I heard this poem while listening to The Writer’s Almanac on NPR a few weeks ago. I don’t know if it was the mood I was in or something else entirely, but I distinctly remembered feeling like this as a young college student on my own “merciless Midwestern plain.” I was, at once, feeling the familiar feelings of euphoria that ride along with the unknown and a new foreboding and trepidation, knowing that my own darlings will one day feel this way… Who will be there to offer them a timely flying lesson?
Over a tray of spent plates, I confessed
to the college president my plans to go East,
to New York, which I’d not really seen,
though it seemed the right place
for a sophomore as sullen and restless
as I had become on that merciless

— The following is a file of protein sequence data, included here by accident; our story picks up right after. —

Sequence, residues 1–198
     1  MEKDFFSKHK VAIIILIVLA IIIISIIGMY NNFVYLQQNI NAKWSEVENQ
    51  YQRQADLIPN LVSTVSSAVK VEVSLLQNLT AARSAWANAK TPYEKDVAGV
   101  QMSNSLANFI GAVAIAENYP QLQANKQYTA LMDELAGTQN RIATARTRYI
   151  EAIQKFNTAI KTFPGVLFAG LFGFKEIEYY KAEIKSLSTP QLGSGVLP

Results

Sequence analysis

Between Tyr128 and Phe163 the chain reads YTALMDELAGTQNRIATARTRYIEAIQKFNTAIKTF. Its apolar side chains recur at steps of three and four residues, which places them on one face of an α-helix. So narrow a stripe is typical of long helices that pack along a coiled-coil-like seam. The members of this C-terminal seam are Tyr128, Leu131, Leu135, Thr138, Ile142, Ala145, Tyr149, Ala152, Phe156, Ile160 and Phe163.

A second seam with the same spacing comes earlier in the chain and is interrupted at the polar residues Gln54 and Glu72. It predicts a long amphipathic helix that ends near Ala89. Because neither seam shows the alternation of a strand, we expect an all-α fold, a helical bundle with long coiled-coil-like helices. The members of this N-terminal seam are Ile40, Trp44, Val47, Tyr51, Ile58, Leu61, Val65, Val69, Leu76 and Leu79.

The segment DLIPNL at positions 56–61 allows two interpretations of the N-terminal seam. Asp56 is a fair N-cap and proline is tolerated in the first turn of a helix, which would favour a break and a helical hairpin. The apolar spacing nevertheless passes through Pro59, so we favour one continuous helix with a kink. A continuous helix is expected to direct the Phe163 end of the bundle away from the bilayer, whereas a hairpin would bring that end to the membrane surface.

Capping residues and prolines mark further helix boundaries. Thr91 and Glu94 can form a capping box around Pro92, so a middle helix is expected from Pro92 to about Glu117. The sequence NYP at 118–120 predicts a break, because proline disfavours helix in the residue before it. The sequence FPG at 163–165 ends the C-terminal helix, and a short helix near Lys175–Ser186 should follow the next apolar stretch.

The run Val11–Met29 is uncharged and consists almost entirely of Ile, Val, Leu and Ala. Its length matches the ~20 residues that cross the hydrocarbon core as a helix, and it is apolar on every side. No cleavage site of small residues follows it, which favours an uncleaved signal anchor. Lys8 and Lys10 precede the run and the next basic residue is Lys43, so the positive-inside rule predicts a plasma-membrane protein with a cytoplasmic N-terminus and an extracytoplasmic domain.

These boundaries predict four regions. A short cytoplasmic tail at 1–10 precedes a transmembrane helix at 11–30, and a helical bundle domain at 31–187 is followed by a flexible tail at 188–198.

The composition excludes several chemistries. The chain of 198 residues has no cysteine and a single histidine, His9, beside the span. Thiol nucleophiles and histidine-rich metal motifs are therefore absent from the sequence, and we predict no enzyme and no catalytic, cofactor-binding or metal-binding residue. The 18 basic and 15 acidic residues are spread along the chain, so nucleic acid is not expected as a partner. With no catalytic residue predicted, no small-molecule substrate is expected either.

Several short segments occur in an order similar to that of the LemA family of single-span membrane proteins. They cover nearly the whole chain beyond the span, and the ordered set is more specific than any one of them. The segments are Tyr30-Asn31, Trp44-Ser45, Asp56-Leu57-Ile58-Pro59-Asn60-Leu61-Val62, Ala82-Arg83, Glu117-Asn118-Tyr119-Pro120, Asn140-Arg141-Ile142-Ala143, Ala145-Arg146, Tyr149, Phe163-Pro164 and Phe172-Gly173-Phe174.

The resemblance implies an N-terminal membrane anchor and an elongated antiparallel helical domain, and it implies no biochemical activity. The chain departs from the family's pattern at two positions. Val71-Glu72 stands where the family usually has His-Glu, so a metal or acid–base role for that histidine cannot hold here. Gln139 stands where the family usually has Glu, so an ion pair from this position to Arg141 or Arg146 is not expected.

Midwestern plain. He slowly stroked
a thick cup and described the nights
when, a theology teacher in Boston, he’d fly
a tiny plane alone out over the ocean,
each time pressing farther into the dark
until the last moment, when he’d turn
toward the coast’s bright spine, how he loved
the way the city glittered beneath him
as he glided gracefully toward it,
engine gasping, fuel needle dead on empty,
the way sweat dampened the back of his neck
when he climbed from the cockpit, giddy.
Buttoned up in my cardigan, young, willing
to lose everything, how could I see generosity
or warning? But now that I’m out here,
his advice comes so clear: fling yourself
farther, and a bit farther each time,
but darling, don’t drop.
from Eve’s Striptease
© University of Pittsburg Press.